A. Sin is any want of conformity unto, or transgression of, the law of God.

The Westminster divines remind us that sin entails both acts of omission and acts of commission. Acts of omission are covered in the first clause - "Sin is any want of conformity unto...the law of God." When we fail to do that which we know we ought to do, that which God has commanded us to do, then we have sinned. As James reminds us, "Therefore, to him who knows to do good and does not do it, to him it is sin" (James 4:17). So be sure to listen to your conscience and to implement the good things you think of doing - don't just think about them.

The catechism also addresses sins of commission: "Sin is any...transgression of, the law of God." To rebel against God, to hear what God says and then to do the opposite, is also sin. Hence, the Apostle John reminds us that "sin is lawlessness." Sin is an attempt to act as god; to pretend that we are the lawgiver and the judge; who will rule over me?

During Ordinary Time we confess our sins with the following words: "Most merciful God, we confess that we have sinned against you in thought, word, and deed, by what we have done, and by what we have left undone.Sins of omission and sins of commission.

Thank God that in His grace and mercy He has not abandoned us to our sins of omission and commission but has rescued and delivered us through His Son, Jesus Christ our Lord! He has rescued us and given us His Spirit that we might, by the power of the Spirit, do those things which honor and please Him. So don't be discouraged: confess your sins of omission and commission and then rise up and hear God's word of pardon and forgiveness, giving thanks to His Name.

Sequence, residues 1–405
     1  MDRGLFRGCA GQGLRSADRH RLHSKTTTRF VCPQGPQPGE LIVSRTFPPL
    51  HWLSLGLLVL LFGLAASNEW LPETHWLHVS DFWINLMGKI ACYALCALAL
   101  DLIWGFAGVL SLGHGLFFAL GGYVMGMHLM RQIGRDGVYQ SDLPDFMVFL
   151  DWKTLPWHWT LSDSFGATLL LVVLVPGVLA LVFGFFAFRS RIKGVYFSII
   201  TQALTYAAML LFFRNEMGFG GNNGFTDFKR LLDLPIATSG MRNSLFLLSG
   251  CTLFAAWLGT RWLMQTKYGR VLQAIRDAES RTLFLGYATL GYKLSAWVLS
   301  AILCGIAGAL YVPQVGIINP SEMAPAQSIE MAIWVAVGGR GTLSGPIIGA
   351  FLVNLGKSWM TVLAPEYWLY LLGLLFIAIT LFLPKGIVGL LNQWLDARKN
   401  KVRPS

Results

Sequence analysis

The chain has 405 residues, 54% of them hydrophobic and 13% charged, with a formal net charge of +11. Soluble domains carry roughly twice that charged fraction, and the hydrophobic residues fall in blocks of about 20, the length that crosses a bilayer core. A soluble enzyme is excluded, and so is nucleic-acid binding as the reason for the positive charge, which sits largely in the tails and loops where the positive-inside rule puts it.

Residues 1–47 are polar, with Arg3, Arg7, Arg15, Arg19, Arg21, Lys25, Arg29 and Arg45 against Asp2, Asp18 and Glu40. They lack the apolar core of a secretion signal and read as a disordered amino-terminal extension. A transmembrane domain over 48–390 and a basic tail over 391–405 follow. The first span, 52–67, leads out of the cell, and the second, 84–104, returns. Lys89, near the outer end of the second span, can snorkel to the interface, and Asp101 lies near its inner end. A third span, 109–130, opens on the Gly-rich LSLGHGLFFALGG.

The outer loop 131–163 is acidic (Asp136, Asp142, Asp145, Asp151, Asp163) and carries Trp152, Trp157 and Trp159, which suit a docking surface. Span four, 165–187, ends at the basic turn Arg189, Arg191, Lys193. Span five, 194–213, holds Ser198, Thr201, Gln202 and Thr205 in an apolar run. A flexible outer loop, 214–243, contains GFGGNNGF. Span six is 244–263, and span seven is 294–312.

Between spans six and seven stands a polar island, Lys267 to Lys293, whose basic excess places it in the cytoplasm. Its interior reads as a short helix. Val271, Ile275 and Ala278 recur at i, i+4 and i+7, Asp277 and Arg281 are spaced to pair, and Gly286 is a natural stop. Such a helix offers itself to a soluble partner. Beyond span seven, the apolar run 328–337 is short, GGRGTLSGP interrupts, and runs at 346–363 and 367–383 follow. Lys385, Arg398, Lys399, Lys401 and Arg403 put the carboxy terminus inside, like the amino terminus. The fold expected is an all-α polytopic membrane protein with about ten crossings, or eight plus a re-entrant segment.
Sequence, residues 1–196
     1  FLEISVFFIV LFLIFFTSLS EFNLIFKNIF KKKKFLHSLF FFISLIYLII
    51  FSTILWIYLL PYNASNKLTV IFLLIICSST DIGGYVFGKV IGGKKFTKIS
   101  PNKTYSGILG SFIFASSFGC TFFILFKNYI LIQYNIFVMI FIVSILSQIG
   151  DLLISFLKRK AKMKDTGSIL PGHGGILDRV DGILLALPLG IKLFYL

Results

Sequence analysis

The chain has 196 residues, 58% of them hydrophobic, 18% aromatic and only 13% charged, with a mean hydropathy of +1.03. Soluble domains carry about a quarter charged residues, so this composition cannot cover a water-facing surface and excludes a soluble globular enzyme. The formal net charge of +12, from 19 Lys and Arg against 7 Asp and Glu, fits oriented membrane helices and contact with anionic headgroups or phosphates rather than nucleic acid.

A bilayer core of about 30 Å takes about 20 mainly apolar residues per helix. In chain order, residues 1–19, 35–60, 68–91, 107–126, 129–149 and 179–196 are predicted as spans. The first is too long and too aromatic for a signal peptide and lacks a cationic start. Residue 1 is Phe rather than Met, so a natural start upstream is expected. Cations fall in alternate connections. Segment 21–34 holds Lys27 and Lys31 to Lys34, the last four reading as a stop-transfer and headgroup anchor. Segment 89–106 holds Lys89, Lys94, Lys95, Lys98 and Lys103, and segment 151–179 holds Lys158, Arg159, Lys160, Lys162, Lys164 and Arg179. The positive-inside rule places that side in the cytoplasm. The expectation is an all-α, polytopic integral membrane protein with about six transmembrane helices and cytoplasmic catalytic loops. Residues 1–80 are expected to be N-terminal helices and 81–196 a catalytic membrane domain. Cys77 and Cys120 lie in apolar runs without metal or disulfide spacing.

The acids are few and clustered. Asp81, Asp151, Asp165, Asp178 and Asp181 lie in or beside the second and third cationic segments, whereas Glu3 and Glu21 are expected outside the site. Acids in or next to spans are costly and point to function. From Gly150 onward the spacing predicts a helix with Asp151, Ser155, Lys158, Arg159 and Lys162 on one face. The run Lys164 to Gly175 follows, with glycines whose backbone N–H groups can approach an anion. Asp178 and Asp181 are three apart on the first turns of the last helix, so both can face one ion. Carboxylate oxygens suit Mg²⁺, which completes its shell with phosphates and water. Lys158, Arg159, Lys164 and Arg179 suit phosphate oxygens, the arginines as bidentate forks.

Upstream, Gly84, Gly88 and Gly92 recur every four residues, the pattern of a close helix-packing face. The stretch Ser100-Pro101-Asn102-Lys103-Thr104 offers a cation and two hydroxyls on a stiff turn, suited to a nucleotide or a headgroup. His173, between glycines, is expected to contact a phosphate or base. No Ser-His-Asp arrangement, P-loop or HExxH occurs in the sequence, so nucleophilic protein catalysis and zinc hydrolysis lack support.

Tuesday, January 20, 2015

The Spirit and the Word

"The Spirit is not given to make Bible study needless, but to make it effective."

J.I. Packer, "Fundamentalism" and the Word of God, p. 112.

Monday, January 19, 2015

Thought and Tears

"Tears displacing thought is objectionable, when thought was called for, but similarly, thought instead of tears is objectionable, when tears were called for."

N.D. Wilson & Douglas Wilson, The Rhetoric Companion, p. 55.

Sunday, January 18, 2015

Abounding in the Faith with Thanksgiving

6 As you therefore have received Christ Jesus the Lord, so walk in Him, 7 rooted and built up in Him and established in the faith, as you have been taught, abounding in it with thanksgiving. Colossians 2:6-7